Pittsburgh is also excited to have Paul Martin back on the ice, and he'll return to his native Minnesota looking to hurt the Wild's postseason hopes Saturday night.
While winning the division had become a mere formality for the Penguins (49-23-5), they finally clinched with Philadelphia's 2-0 loss to Columbus on Thursday. Pittsburgh, which won the Atlantic last season, has earned back-to-back division crowns for the first time since 1992-93 and '93-94.
"It's big," Martin told the team's official website. "For us, it's a big accomplishment. It's a testament to the guys in the room here."
The Penguins went on to win 4-2 at Winnipeg later Thursday night, their third victory in four games. Sidney Crosby ran his point streak to six games with a pair of assists and Martin, playing his first game since missing 18 with a broken hand, scored the go-ahead goal in the third period.
"To be able to play that type of game after being out with an injury to his hand, I thought he was excellent," coach Dan Bylsma said of Martin, who led all skaters with 23:46 of ice time. "Just the execution also on our power play was noticeable for our group in that regard. He is out in all situations. It was clearly evident what getting him back in our lineup can do for our team."
The Penguins struggled through a 1-for-20 slump on the power play before going 1 for 2 against the Jets.
"I think there are areas we are working on as a team, and that's where we're at," said Bylsma, who became the fastest coach in NHL history to reach 250 regular-season victories, doing so in 396 games. "I thought we took strides in several areas in that regard."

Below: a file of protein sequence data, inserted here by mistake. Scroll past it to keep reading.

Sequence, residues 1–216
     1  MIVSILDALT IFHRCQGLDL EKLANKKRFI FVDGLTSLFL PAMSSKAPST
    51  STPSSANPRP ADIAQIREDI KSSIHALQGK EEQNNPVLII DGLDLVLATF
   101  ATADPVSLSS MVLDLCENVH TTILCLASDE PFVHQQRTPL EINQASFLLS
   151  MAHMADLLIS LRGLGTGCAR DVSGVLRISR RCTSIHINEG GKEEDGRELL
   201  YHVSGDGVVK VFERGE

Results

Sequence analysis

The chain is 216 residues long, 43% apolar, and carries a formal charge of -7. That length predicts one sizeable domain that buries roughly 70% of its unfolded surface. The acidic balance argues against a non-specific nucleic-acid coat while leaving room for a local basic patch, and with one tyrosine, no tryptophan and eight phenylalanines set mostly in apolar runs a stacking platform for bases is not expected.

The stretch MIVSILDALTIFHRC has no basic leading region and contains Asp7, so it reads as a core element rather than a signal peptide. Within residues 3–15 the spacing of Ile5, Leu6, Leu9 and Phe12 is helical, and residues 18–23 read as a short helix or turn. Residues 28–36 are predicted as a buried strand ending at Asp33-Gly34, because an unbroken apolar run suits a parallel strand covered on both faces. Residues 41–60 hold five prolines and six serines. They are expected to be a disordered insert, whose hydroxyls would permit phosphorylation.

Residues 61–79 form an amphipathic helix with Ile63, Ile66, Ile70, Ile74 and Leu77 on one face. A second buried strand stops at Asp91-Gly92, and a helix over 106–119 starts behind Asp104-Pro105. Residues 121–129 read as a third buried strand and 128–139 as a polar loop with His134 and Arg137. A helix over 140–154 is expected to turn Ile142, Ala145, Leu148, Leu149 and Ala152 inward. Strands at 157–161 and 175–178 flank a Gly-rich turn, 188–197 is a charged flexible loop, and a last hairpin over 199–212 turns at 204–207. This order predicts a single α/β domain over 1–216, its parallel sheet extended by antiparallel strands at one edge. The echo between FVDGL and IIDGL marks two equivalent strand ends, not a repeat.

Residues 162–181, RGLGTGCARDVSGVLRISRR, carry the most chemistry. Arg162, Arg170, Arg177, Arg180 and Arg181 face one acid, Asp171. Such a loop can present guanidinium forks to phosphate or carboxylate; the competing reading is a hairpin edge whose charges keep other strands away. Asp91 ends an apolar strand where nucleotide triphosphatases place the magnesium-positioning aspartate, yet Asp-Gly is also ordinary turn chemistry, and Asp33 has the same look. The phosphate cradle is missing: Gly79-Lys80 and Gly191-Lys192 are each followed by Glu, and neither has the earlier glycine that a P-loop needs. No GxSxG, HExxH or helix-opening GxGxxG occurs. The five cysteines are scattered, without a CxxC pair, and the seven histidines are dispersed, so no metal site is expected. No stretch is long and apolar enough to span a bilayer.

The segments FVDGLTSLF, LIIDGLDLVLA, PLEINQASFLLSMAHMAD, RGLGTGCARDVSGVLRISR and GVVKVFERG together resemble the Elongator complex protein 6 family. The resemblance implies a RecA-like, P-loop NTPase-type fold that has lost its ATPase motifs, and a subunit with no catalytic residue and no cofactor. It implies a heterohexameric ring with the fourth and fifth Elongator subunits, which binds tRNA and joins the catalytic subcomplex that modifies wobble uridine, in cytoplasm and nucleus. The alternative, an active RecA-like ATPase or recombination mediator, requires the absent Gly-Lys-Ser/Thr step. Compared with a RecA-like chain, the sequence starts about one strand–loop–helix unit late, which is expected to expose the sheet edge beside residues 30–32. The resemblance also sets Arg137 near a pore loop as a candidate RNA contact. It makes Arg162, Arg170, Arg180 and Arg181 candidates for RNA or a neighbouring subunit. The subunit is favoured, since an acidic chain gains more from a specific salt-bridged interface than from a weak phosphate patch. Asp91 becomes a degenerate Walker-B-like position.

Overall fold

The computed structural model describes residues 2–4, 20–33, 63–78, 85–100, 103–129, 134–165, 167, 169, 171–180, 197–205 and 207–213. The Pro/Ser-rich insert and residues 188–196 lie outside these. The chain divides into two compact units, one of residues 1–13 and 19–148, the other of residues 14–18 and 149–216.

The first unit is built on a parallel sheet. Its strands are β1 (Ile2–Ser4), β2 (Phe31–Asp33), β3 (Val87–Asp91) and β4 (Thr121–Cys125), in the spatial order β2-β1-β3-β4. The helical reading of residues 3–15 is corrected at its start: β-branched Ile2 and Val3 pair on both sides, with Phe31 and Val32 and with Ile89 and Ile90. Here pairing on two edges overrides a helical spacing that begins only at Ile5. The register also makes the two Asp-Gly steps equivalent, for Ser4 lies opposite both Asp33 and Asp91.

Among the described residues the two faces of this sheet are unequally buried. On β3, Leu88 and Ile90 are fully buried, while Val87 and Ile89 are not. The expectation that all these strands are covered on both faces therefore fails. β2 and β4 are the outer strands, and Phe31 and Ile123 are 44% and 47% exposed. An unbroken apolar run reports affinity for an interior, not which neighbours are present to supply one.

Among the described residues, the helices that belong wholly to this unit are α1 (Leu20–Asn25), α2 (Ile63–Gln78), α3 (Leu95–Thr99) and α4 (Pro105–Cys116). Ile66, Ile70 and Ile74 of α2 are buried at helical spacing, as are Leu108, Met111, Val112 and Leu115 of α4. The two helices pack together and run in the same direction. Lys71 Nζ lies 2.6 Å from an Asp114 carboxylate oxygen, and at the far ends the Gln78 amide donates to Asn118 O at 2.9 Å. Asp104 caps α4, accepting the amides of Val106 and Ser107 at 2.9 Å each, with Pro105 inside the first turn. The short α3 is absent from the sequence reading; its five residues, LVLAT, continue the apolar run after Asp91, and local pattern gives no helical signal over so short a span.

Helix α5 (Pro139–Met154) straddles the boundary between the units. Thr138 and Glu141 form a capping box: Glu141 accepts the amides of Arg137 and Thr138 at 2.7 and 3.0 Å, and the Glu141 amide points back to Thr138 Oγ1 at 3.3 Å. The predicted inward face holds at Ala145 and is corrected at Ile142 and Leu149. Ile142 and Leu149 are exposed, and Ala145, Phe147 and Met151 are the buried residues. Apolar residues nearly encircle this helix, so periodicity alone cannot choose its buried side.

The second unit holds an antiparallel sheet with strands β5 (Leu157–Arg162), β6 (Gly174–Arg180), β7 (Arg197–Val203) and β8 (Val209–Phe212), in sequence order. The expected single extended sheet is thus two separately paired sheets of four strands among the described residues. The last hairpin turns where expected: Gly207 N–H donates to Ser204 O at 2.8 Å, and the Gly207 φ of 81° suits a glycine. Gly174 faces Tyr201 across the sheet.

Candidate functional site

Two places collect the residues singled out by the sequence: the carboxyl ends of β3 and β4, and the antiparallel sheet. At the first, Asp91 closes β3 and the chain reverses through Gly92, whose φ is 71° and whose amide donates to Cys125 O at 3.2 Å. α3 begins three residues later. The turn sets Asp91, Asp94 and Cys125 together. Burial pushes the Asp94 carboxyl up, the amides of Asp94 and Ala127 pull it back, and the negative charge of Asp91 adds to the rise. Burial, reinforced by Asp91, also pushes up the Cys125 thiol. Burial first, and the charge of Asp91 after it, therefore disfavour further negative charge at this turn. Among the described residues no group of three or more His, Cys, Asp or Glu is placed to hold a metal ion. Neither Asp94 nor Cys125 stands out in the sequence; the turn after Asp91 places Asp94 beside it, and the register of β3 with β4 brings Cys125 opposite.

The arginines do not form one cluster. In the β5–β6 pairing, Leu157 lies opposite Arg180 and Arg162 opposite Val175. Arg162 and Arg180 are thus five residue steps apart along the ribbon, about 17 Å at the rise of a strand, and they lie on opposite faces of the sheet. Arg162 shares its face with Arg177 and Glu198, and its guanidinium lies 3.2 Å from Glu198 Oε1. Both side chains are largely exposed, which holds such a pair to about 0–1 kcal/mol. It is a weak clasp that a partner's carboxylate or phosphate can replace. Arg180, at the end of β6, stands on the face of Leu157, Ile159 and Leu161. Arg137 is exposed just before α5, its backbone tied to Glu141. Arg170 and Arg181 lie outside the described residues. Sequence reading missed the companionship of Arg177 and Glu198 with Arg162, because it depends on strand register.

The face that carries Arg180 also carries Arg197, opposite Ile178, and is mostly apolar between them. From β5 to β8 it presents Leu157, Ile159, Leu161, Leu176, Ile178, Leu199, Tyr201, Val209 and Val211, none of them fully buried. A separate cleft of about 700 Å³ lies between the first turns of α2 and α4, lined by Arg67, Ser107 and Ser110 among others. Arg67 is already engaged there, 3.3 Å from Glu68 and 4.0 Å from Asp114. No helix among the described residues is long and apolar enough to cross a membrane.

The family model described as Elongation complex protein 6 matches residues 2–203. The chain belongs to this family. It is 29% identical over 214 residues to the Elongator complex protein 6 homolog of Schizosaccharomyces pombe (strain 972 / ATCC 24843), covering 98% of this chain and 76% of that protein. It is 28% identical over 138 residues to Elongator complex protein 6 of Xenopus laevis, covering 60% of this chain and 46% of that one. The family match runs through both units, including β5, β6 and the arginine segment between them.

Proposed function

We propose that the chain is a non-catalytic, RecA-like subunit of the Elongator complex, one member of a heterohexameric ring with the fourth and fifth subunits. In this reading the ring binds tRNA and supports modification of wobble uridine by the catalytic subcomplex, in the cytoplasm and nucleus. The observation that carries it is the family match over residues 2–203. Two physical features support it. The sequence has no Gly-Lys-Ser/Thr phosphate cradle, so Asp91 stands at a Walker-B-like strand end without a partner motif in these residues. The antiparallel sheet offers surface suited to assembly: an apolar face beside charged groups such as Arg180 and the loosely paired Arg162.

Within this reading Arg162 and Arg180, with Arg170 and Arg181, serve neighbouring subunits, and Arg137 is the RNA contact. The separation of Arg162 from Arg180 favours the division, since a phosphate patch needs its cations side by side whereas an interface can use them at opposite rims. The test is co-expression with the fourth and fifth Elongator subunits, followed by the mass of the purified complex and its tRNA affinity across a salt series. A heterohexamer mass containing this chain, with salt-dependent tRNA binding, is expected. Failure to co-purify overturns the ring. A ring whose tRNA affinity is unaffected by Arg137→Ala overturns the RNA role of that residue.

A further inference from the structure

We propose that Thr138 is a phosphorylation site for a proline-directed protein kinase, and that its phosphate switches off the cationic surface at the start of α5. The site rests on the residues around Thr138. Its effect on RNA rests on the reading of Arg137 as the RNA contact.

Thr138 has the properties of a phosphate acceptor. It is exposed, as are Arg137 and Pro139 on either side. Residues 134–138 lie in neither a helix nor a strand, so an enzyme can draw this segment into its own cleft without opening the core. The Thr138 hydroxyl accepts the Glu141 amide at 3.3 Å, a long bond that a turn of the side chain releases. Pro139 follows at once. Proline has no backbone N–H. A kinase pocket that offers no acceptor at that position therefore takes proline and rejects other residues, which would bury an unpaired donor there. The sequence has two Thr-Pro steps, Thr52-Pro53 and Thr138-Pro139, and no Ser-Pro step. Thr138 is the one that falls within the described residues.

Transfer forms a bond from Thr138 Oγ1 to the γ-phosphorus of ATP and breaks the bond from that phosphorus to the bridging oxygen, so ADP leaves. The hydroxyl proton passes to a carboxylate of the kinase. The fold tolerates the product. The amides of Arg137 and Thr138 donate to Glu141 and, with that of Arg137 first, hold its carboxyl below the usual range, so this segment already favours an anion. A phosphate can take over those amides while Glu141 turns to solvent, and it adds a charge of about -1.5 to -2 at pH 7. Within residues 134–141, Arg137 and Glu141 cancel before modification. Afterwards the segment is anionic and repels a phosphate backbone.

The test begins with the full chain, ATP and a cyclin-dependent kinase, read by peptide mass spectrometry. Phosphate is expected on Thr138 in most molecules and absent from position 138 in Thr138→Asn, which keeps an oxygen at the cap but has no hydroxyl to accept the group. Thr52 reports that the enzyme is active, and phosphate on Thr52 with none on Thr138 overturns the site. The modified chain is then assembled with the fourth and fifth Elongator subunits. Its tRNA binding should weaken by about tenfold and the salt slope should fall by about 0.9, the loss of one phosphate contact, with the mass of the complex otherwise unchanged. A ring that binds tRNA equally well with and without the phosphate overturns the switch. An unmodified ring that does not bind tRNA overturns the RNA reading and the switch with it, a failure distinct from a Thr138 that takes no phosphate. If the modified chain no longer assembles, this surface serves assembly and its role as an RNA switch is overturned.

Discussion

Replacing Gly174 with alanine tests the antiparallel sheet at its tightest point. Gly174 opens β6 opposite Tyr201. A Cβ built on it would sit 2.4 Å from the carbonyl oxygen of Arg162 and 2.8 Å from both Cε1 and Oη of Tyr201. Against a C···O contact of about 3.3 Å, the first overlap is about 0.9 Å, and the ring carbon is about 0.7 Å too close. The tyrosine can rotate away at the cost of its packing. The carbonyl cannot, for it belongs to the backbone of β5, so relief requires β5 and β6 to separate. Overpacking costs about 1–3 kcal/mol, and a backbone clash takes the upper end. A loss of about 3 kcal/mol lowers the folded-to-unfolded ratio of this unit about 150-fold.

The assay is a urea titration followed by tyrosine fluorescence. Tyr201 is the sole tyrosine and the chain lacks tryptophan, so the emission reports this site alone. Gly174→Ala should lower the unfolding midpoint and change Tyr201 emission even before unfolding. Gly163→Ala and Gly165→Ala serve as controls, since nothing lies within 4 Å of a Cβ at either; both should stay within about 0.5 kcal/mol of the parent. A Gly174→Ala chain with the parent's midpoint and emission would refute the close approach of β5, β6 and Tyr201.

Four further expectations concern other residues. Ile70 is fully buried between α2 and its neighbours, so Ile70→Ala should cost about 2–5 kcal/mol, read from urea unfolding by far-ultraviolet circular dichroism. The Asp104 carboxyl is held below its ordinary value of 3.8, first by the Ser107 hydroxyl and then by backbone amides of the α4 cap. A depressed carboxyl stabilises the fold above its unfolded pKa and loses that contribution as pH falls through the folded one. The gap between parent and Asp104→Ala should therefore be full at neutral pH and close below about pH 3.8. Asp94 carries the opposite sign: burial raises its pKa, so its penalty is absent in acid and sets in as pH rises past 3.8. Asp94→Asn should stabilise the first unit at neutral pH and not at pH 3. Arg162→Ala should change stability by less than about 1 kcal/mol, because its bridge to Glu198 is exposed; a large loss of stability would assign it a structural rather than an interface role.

Pittsburgh is 10-2-0 when Martin records at least one point.
"He's really patient," said Crosby, who leads the NHL with 102 points. "His poise back there, his patience with the puck. He's just really smart and that kind of calming aspect brings a lot to the power play."
Martin played for the University of Minnesota and has only played two NHL games in his home state in 10 NHL seasons, winning once with New Jersey and in Pittsburgh's last visit Oct. 18, 2011.
The Penguins had gone 2-8-1 with one tie against the Wild before taking the last two meetings, including a 5-2 victory Dec. 19. Crosby assisted on both of Chris Kunitz's goals, giving him nine points during a five-game stretch in the series.
The Wild (39-26-12) concluded a 2-1-1 trek with Thursday's 3-2 shootout loss at Chicago. Erik Haula scored the tying goal with under two minutes left in regulation.
"That's a huge point for us," said coach Mike Yeo, whose club leads Phoenix and Dallas in a three-team race for the Western Conference's two wild-card spots.
"Obviously we would have liked to have gotten two, but when you can get a point and you're not completely on top of things, that's a good thing."
The Wild play four of their final five games at home but have lost a season-high three straight there, totaling five goals.
Ilya Bryzgalov didn't start any of those games but was in net for Minnesota's last three, and he's 4-0-3 with a 1.93 goals-against average in seven starts since being acquired from Edmonton on March 4. He is 2-3-1 with a 3.68 GAA in his last seven games against the Penguins, including playoffs.
The Wild are the only team Marc-Andre Fleury hasn't beaten, losing all five starts with a 3.76 GAA.